The Maryland legislature is currently considering a new law that would force auto insurance companies to offer enhanced uninsured motorist coverage (also known as “stacking” or “stacked” UIM coverage) as the default option for Maryland drivers. The new bill would make this enhanced coverage an opt-out policy feature (similar to PIP) rather than an opt-in feature, which would effectively mean that the majority of insurance policies would have the enhanced coverage.
In this post, we will explain exactly what the new law will do and how it will directly benefit you as a Maryland driver. Please use the follow links for instructions on how you can make your voice heard by telling the Maryland Senate Finance Committee that you fully support this new bill as benefit for Maryland drivers:
- My primary coverage was insufficient
- I lost someone due to a negligent driver
- I support enhanced UIM coverage in Maryland
About “Stacking” or Enhanced Uninsured Motorist Coverage
Stacking or enhanced uninsured motorist insurance (EUIM) is a type of auto insurance coverage in which uninsured motorist coverage (UIM) limits for multiple auto insurance policies can be combined together to increase the maximum amount that the insurance company has to pay for an accident claim. If you do not have EUIM or “stacked” auto insurance, you cannot combine UIM coverage limits across vehicles or policies.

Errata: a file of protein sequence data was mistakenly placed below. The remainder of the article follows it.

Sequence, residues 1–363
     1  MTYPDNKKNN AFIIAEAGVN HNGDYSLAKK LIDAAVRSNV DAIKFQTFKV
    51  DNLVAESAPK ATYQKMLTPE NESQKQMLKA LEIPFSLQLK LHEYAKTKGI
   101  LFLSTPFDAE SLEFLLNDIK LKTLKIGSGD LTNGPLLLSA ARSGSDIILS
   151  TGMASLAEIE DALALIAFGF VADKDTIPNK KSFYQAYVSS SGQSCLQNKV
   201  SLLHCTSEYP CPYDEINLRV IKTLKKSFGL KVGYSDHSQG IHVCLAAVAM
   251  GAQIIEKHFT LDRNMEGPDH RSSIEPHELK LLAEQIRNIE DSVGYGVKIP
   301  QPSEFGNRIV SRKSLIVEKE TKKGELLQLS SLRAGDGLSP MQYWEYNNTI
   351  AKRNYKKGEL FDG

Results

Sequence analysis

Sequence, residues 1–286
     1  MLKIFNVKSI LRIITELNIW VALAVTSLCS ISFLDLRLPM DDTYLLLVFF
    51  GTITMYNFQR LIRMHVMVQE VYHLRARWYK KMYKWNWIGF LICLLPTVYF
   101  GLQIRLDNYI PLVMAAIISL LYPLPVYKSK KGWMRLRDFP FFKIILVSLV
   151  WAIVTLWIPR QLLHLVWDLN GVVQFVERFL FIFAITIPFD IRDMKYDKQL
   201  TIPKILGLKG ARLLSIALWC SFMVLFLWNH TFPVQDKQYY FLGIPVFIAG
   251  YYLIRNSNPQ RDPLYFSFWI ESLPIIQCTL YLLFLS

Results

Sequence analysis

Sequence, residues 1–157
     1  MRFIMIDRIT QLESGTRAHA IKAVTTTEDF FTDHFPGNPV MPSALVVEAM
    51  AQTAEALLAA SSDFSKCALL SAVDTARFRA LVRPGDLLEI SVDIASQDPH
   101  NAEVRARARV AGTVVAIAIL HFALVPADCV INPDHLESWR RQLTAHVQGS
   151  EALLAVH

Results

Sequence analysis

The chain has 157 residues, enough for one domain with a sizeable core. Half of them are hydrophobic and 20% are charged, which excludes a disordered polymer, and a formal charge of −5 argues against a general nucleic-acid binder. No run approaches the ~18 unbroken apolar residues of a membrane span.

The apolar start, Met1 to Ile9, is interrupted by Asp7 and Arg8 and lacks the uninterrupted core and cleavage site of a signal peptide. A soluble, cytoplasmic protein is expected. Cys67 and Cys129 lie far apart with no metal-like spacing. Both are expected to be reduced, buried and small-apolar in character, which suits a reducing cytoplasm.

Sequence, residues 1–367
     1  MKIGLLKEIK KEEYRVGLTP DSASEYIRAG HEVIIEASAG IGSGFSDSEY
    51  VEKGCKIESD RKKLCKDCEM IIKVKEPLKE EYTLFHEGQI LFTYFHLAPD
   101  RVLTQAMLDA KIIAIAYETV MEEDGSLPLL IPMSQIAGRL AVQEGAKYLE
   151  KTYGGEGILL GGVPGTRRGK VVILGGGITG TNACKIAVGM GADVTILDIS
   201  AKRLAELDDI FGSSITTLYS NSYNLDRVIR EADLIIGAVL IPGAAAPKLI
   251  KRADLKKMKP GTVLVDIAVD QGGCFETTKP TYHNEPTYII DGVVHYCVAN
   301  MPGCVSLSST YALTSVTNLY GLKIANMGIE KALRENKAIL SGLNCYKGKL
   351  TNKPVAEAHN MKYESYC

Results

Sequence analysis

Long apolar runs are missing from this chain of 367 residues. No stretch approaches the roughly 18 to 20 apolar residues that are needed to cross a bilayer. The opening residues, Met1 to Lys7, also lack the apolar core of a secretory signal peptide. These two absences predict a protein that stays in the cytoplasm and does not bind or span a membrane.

Having EUIM basically means that if you get in a very big accident with another driver that has no insurance (or very little insurance), you can combine your own insurance policies to ensure that there is more insurance coverage to cover your losses. The examples below will help explain how EUIM works in a practical situation.
Jane is driving through an intersection on a green light when Doug runs a red light and slams into the side of Jane’s car. Jane suffers very serious physical injuries that equate to about $400,000 in damages. Doug only has $100,000 in auto insurance coverage, but Jane has $300,000 in UIM coverage.
WITH EUIM: If Jane’s auto insurance has EUIM included, she will get compensation for all $400,000. She will get $100,000 from Doug’s policy, then she can stack her UIM to cover the remaining $300,000 in damages.
NO EUIM: Without EUIM, Jane would not be able to get compensation for all $400,000. She would get $100,000 from Doug’s policy, but without the EUIM stacking Jane would only get $200,000 from her UIM coverage. She would be left with $100,000 in uncovered damages.
EUIM in Maryland
For a long time, EUIM coverage was not even an option for Maryland drivers because state law specifically prohibited the stacking of insurance policies. This meant that when UIM coverage applied, the insurance company could deduct any amount that it’s insured received from the at-fault driver’s coverage.
Maryland’s prior prohibition on EUIM or stacking of coverages was at odds with the modern trend followed by most states. After years of criticism from consumer advocates, the Maryland legislature finally changed this by passing a new law in 2018 that ended the prohibition on stacking. The 2018 law also required all Maryland auto insurers to offer EUIM coverage to insureds as part of their policy.